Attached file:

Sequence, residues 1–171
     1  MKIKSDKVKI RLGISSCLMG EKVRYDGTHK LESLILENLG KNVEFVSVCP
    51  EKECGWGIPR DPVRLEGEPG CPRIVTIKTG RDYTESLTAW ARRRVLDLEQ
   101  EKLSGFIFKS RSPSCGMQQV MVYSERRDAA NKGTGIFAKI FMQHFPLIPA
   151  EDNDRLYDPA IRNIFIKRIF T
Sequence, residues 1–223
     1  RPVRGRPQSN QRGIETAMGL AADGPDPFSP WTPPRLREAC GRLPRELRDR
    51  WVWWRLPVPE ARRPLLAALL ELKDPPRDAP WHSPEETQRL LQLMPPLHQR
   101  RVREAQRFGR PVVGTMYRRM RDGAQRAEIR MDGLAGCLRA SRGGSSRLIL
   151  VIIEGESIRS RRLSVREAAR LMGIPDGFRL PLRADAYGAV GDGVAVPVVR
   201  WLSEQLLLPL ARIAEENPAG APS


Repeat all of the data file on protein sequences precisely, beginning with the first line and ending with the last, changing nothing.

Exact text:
Sequence, residues 1–171
     1  MKIKSDKVKI RLGISSCLMG EKVRYDGTHK LESLILENLG KNVEFVSVCP
    51  EKECGWGIPR DPVRLEGEPG CPRIVTIKTG RDYTESLTAW ARRRVLDLEQ
   101  EKLSGFIFKS RSPSCGMQQV MVYSERRDAA NKGTGIFAKI FMQHFPLIPA
   151  EDNDRLYDPA IRNIFIKRIF T
Sequence, residues 1–223
     1  RPVRGRPQSN QRGIETAMGL AADGPDPFSP WTPPRLREAC GRLPRELRDR
    51  WVWWRLPVPE ARRPLLAALL ELKDPPRDAP WHSPEETQRL LQLMPPLHQR
   101  RVREAQRFGR PVVGTMYRRM RDGAQRAEIR MDGLAGCLRA SRGGSSRLIL
   151  VIIEGESIRS RRLSVREAAR LMGIPDGFRL PLRADAYGAV GDGVAVPVVR
   201  WLSEQLLLPL ARIAEENPAG APS